Samuel BeckettBeckett is one of the big influences on everything I do. You read him, and you’re forever changed. The psychological bleakness he captures, the air of regret. But there are a thousand other influences at work in Angel Baby, too. Writers, musicians, filmmakers, painters. My work is an amalgam of all of them plus my own experiences, all tossed into a blender, then formed, battered, breaded, and fried. Melville, Zola, Hemingway, Carver, Mamet, Denis Johnson. Cormac McCarthy, Robert Stone, Taxi Driver, Badlands, Bonnie and Clyde, Dancer in the Dark, Tom Waits, Black Flag, Will Oldham, some guy I overhead at a Laundromat once, the desert in a certain light, the feel of the sun on the back of your neck when you’re miles from water. Every time I sit down to write, all that and more is there, and I write best when I give myself up to the maelstrom and stop trying to control things, when I trust my natural rhythms. That’s not to say that it’s easy or that great stuff just pours out of me. I work hard to find the right word, the right cadence, the right moments in a story to spotlight, but it starts with letting go, not bearing down.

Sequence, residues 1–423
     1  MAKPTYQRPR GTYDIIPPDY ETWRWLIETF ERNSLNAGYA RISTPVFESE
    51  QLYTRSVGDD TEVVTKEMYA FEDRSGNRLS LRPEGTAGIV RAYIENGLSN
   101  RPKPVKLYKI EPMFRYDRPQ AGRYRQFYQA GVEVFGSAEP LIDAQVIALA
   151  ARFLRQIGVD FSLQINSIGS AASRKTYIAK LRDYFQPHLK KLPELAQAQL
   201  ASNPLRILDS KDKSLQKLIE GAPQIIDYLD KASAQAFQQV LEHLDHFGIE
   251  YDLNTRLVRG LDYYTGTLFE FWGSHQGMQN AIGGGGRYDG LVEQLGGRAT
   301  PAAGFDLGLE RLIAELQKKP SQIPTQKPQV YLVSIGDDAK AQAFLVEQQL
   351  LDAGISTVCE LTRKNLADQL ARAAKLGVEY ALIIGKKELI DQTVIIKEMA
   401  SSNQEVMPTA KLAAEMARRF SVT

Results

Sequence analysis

Since we last talked, Warner Brothers optioned Angel Baby and brought you on as screenwriter. Can you talk a bit about what the process of adapting your own work has been like so far? Also, can you talk about your hopes and fears re: the movie? How does being a film nut play into it?